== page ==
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India - Outplacement Agencies turn to fine-tuned career coaching

31 December 2013

Layoffs on a mass scale may be a couple of years behind us, but outplacement agencies continue to have their jobs cut out for them, according to the Economic Times.

From just finding retrenched employees other job opportunities, these agencies are taking up the role of counsellors, with a focus on career transitions for executives coping with life changes and moving to newer businesses. The days when multinationals fired in hundreds are gone.

Chaitali Mukherjee, country manager for Right Management, the outplacement arm of Manpower India, commented: “From 650 layoffs in one company we are looking at 100 at the most. Therefore mere outplacement will not help us survive and we have to offer services like career transition.”

The focus earlier was to just to help them find another job. But during career transitions it is about finding the best job fit. Psychometric tests are now used widely, alongside coaching for three to six months.

Keeping in mind that older employees may not have kept pace with changes in the job hunting process over the past few years, coaching on the use of social media, tweaking profiles on websites such as LinkedIn, and briefings on the business environment in other industries has also become a distinct responsibility.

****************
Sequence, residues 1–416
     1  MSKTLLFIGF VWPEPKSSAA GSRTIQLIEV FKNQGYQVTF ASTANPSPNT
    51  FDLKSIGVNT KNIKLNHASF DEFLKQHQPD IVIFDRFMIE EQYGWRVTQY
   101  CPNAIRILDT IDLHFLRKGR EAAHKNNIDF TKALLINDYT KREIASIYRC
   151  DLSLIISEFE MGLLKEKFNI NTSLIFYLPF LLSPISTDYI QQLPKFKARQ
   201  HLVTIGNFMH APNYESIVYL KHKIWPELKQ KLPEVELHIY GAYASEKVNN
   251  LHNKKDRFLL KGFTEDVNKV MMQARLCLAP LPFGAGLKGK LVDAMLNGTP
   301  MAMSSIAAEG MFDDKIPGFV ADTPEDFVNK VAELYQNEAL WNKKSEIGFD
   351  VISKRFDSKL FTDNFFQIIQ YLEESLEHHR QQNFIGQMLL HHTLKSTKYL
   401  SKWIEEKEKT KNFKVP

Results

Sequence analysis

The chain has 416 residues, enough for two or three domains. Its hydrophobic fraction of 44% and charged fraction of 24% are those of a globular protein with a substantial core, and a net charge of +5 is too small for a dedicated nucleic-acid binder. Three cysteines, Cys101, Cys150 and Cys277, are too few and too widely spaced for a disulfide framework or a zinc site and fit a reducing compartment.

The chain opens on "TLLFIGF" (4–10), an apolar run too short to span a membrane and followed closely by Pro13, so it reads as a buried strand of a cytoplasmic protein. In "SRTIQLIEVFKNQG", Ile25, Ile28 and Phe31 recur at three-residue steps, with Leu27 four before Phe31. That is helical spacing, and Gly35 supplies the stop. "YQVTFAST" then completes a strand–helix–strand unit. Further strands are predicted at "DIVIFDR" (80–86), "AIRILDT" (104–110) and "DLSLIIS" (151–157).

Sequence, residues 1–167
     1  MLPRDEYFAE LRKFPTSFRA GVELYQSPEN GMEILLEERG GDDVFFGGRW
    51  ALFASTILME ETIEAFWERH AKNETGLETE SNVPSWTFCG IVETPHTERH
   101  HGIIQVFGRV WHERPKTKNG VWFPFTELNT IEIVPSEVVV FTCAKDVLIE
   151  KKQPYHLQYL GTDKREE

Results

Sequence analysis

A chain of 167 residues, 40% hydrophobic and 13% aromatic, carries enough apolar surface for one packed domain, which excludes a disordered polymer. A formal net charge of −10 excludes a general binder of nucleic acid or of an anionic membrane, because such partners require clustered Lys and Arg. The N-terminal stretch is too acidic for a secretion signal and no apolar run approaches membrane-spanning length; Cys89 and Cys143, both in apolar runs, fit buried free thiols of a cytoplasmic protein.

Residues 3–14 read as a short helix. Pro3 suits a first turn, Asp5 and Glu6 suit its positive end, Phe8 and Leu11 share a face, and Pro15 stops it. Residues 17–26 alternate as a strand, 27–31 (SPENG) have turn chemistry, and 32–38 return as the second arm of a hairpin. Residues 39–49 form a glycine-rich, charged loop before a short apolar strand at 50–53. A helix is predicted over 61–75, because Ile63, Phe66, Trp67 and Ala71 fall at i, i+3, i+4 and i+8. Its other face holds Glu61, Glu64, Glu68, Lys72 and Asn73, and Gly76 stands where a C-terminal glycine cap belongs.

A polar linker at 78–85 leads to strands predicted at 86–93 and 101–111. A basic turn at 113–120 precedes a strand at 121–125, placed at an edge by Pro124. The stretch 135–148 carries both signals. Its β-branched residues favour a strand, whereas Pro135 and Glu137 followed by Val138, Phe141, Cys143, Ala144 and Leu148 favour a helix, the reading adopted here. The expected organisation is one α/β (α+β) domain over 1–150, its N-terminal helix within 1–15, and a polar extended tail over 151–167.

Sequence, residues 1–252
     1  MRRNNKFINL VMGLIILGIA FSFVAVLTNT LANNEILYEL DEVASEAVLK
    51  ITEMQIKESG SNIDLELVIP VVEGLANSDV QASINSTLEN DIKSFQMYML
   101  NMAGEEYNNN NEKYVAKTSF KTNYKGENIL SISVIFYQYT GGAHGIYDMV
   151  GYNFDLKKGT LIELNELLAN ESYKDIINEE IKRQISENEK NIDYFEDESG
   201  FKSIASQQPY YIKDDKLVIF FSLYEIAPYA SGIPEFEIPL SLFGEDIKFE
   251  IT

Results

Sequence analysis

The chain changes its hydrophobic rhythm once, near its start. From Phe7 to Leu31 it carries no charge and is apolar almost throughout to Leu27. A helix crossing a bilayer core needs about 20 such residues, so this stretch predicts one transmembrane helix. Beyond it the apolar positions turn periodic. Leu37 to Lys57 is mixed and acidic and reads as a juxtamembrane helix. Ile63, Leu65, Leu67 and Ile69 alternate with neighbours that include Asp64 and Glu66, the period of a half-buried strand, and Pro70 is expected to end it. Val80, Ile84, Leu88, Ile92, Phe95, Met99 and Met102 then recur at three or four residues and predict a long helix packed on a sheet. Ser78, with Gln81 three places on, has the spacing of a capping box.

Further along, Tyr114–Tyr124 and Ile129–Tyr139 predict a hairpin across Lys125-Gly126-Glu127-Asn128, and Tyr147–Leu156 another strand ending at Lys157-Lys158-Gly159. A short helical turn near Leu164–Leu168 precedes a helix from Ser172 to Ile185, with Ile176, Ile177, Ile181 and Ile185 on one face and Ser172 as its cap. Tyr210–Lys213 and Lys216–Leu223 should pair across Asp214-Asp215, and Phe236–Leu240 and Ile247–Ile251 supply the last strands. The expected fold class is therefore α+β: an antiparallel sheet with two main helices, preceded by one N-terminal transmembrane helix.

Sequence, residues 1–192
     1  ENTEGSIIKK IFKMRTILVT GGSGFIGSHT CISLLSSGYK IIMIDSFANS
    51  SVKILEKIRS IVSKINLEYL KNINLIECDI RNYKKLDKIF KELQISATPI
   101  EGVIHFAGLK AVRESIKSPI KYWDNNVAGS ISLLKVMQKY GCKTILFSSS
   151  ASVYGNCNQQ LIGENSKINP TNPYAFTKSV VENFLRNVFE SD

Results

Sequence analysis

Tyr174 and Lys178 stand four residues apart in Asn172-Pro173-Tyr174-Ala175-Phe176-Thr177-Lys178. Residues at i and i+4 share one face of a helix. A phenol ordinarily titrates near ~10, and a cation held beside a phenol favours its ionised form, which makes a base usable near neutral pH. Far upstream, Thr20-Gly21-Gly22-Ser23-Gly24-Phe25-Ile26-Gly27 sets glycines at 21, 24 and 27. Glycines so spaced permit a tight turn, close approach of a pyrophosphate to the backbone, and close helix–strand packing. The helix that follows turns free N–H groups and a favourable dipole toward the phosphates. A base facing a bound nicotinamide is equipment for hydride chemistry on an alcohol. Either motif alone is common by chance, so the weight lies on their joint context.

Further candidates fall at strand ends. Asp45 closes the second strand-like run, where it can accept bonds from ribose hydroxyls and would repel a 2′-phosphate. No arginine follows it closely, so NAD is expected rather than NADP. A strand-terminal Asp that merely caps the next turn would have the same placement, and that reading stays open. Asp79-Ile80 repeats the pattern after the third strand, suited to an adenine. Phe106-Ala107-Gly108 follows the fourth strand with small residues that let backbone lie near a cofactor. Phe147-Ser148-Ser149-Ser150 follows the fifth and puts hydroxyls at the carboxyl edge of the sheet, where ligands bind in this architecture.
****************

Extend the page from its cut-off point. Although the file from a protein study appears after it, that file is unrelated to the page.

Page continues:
Hiring outplacement agencies make companies enter a wish list of future candidates. Sunil Goel, Managing Director of GlobalHunt, said: “In 2008, it was a reaction to a distress in the economy, and focus was on costs, but now there is a marked slowdown. Companies are aware that this is a situation that will get reversed going forward, and firms will need to hire back.”

Right Management recently helped middle managers move from Banking, Financial services and Insurance (BFSI) to healthcare and from media to instructive design sector. Some senior executives have even become entrepreneurs and Right Management helps them get in touch with the entrepreneurial community.

Preethi Madappa, Director of Human Resources, South Asia Intel, commented: "If not in terms of finding immediate employment, it helps to have such services in place to help employees adjust to the developments."

For the agencies, business has been growing. Close to 15% of Global Hunt's business comes from outplacement, and the market for these services has been doubling each year.

Companies that use their services belong to sectors spanning technology, high-end engineering, telecom, investment banking and research and development.

The sluggish economy has also made these outplacement agencies work as counsellors. They have to keep candidates' hopes afloat and ensure they update their skills.

Aditya Narayan Mishra, President of Staffing and Director of Marketing, Randstad India, concluded: "The success rate is 25% to 30% in terms of immediate placement. For the remainder, it is about mentally disengaging from the current role into the new state of being, and adjusting with society post the event of getting laid off.”


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